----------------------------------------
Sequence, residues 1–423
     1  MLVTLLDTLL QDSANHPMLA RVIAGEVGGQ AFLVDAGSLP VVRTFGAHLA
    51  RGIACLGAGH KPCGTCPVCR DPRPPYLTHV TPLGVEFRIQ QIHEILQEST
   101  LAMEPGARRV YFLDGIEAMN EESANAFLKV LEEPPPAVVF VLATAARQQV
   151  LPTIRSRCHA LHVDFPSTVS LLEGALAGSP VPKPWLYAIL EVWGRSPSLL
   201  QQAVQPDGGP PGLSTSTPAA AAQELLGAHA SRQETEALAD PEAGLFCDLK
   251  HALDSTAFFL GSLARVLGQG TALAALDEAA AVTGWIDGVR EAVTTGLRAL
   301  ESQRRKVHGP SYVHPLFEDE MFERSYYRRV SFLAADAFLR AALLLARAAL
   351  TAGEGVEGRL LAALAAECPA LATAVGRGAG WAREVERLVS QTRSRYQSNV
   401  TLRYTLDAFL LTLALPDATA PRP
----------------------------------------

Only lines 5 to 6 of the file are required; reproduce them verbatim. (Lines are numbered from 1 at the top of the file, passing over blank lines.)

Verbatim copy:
   151  LPTIRSRCHA LHVDFPSTVS LLEGALAGSP VPKPWLYAIL EVWGRSPSLL
   201  QQAVQPDGGP PGLSTSTPAA AAQELLGAHA SRQETEALAD PEAGLFCDLK